David Sanchez-Wells1 and Pedro L. Gonzalez-R1

1 Department of Industrial Engineering and Management Science. School of Engineering, University of Seville, Seville, Spain

davsanwel@alum.us.es, pedroluis@us.es

Keywords: Drones, Logistics, Optimization.

1. Introduction

Once the technological and economic viability of UAVs in the mass market has been achieved, sectors in which last mile logistics has a great weight within their operating costs have shown to be making great efforts to progress in the implementation of the use of UAVs in their ecosystem. Our research is focused on the last mile collaborative logistics between a truck and several drones with limited autonomy, wherein both the truck and the drones make deliveries simultaneously and the drones use the truck as a mobile battery change station that allows them to fully recover their autonomy.  We propose an optimization-based approach to this problem and develop an iterated greedy heuristic supported in turn by a bivector coding based on a binary approach as and efficient method for its resolution.

2. Literature review

The main reference for our research is the one truck – one drone approach from González-R et al. [1], whose problem is called TDTL (Truck-Drone Team Logistic), in which both vehicles synchronize and cooperate to satisfy the service plan without an initially predefined route or any restriction on the type of vehicle that can visit certain nodes. The truck acts simultaneously as a courier and a mobile battery change station for the drones, and a tuple-based encoding of sequence vectors is used for the encoding of the problem, which we will develop for our multi-drone case.

3. Problem description

During the delivery process, the drones use the truck as a mobile battery change station that allows them to fully recover their autonomy. The problem to solve assumes the following: 1. All nodes must be visited, using the truck or a drone; 2. The service starts at a source node and ends at a destination node; 3. If a node is visited by a drone and the truck, the drone performs a battery change and fully recovers its autonomy; 4. The drone is considered to have a higher speed than the truck.

4. Problem analysis and resolution

The coding of the TDTL problem is here modified to cope with the k-drones’ case. For this purpose, a binary transformation is used in order to maintain the bivector tuple structure, defined as follows. Our problem will be henceforth referred as TMDTL.

In [1] it is established that every solution 𝜋 is encoded with a tuple formed by two vectors, 𝜋𝑡 and 𝜋s. The vector 𝜋𝑡 is called resource vector, and it establishes the type of vehicle that performs the visit to the node. The vector 𝜋s, called node vector, defines the order in which these visits are performed. In our multiple drones’ case, as we need to express the possibility of multiple vehicles visiting the same node while maintaining the simplicity of the bivector tuple, we stablish a binary correspondence between a vehicles 1s and 0s vector and its decimal interpretation of this binary vector values join.

Due to its similarity with sequencing problems, this new codification for the TMDTL problem is introduced in an internally developed adaptation of an iterative greedy heuristic, efficiently used in permutation planning problems [2]. The heuristic is globally guided by a simulated annealing algorithm. Once the vehicles speed and the drones’ autonomy has been defined, the heuristic is ready to go and produce fast and high-quality results.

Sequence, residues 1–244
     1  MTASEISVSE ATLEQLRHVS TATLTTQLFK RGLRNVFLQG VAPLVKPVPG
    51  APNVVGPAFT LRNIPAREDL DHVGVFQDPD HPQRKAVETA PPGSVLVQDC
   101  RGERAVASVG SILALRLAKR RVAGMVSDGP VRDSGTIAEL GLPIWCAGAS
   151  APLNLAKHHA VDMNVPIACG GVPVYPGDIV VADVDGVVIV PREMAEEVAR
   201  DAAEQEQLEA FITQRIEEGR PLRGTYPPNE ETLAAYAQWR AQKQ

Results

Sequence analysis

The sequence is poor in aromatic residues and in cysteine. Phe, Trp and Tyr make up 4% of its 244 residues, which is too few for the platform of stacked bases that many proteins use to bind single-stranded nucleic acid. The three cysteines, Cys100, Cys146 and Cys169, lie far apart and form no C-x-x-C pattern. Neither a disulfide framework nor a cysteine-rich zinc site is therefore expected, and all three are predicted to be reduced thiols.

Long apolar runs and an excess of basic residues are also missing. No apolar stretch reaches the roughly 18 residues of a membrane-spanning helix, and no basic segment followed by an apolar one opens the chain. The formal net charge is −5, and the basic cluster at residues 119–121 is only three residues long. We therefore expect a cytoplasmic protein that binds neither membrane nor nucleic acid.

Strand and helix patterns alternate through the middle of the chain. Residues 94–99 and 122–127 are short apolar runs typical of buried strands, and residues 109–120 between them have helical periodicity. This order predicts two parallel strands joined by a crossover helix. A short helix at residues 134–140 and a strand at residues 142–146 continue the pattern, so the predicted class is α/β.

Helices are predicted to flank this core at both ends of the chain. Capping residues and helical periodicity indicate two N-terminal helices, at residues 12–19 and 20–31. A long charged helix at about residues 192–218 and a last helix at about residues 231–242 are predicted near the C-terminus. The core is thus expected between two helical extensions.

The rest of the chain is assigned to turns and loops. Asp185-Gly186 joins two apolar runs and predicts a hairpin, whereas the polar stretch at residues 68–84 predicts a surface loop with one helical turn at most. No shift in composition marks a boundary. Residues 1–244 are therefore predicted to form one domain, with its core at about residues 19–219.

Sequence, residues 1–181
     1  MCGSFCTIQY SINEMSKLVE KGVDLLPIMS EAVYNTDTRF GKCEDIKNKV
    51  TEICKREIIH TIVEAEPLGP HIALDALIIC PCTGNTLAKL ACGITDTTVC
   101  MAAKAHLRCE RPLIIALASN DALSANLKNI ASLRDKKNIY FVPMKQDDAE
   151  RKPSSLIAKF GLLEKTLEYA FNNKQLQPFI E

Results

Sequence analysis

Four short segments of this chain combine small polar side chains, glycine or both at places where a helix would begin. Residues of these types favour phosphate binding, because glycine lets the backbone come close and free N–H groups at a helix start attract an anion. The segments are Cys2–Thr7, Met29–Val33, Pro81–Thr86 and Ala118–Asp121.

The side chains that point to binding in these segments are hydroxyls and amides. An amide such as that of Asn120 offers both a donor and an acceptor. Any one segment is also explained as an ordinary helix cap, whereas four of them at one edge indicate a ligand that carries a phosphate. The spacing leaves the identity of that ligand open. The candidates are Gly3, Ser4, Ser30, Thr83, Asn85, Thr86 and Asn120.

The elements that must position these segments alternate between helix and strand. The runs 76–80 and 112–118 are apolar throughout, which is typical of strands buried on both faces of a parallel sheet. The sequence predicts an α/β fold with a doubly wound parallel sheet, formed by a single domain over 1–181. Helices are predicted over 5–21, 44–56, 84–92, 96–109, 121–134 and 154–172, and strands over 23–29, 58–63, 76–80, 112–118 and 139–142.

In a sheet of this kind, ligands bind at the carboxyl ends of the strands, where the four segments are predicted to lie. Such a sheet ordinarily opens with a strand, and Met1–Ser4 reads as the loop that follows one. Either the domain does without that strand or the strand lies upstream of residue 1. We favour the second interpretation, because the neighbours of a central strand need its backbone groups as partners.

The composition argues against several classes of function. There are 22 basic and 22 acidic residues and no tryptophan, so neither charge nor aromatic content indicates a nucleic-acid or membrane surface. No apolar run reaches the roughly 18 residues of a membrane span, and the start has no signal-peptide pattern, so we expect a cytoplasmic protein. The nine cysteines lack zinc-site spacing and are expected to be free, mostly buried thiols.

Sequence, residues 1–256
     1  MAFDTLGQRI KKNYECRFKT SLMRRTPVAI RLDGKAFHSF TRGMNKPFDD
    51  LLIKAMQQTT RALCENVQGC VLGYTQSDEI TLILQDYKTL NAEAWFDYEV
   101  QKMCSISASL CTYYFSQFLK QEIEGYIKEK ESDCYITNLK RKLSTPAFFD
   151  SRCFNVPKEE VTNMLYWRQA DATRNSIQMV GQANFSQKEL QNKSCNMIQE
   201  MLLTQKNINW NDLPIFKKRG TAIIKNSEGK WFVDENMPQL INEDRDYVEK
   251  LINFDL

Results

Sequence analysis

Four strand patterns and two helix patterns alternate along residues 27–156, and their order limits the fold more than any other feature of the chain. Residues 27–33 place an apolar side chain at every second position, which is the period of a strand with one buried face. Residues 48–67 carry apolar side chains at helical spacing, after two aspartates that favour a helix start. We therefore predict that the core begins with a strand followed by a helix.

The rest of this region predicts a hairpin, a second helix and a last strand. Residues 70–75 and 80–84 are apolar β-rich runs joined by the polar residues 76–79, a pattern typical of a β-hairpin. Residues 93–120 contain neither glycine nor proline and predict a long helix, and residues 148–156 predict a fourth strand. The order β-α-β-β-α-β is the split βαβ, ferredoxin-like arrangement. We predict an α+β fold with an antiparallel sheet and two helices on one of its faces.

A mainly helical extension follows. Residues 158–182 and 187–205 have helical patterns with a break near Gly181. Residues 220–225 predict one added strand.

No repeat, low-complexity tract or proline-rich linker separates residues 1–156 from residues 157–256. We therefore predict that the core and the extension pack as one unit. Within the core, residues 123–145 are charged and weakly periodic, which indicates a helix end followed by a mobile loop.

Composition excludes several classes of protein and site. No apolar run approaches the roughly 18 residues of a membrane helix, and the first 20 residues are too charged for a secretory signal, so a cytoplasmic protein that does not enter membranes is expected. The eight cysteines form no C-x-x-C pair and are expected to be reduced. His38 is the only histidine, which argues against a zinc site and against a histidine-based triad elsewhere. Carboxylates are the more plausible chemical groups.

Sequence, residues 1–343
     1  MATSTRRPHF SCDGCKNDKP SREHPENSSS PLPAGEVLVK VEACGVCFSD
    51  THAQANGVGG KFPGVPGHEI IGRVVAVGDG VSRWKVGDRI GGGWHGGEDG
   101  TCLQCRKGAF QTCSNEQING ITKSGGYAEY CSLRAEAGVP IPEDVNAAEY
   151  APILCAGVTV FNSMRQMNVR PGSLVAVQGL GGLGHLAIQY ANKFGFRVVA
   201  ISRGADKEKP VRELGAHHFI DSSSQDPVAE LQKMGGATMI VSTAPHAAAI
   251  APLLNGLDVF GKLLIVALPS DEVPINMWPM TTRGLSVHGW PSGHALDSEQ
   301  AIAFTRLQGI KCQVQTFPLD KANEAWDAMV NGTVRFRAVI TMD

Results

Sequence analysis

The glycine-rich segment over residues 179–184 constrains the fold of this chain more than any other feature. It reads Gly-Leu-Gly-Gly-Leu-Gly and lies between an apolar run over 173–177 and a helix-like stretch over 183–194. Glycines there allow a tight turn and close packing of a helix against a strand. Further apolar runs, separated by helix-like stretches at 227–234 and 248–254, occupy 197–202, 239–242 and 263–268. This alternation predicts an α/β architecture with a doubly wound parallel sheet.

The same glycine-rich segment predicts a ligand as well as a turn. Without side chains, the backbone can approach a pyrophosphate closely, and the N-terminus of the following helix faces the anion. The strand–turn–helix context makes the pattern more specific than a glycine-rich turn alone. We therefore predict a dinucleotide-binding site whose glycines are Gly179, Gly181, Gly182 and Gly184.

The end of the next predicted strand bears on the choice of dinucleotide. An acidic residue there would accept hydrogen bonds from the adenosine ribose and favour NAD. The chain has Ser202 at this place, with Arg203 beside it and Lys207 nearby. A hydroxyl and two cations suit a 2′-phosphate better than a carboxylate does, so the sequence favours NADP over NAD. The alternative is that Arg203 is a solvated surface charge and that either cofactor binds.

5. Experimentation

Our experiment solves a 20 clients uniform instance using from 1 to 4 drones. As expected, the use of the developed iterated greedy heuristics has led us to achieve the fast resolution of the challenging TMDTL. It is observed that a smaller temperature gradient in the simulated annealing algorithm does not necessarily imply better results.

6. Conclusions

A resolution method for the TMDTL problem is validated. Benefits from this method are its flexibility and speed of resolution. Its main limitation is that it only contemplates using one truck. Further research may rely on including several trucks or additional functions for the drones. No similar problems have been solved yet, so a fair comparation is not possible at this moment.

7. References

  1. P. L. Gonzalez-R, D. Canca, J. L. Andrade-Pineda, M. Calle y J. M. Leon-Blanco, «Truck-drone team logistics: A heuristic approach to multi-drop route planning,» Transportation Research Part C, vol. 114, pp. 657-680, 2020.
  2. R. Ruiz and T. Stützle, «A simple and effective iterated greedy algorithm for the permutation flowshop scheduling problem,» European Journal of Operational Research, vol. 44, nº 3, pp. 2033-2049, 2007.


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Proceedings of the 15th International Conference on Industrial Engineering and Industrial Management and XXV Congreso de Ingeniería de Organización Copyright © by (Eds.) José Manuel Galán; Silvia Díaz-de la Fuente; Carlos Alonso de Armiño Pérez; Roberto Alcalde Delgado; Juan José Lavios Villahoz; Álvaro Herrero Cosío; Miguel Ángel Manzanedo del Campo; and Ricardo del Olmo Martínez is licensed under a Creative Commons Attribution 4.0 International License, except where otherwise noted.

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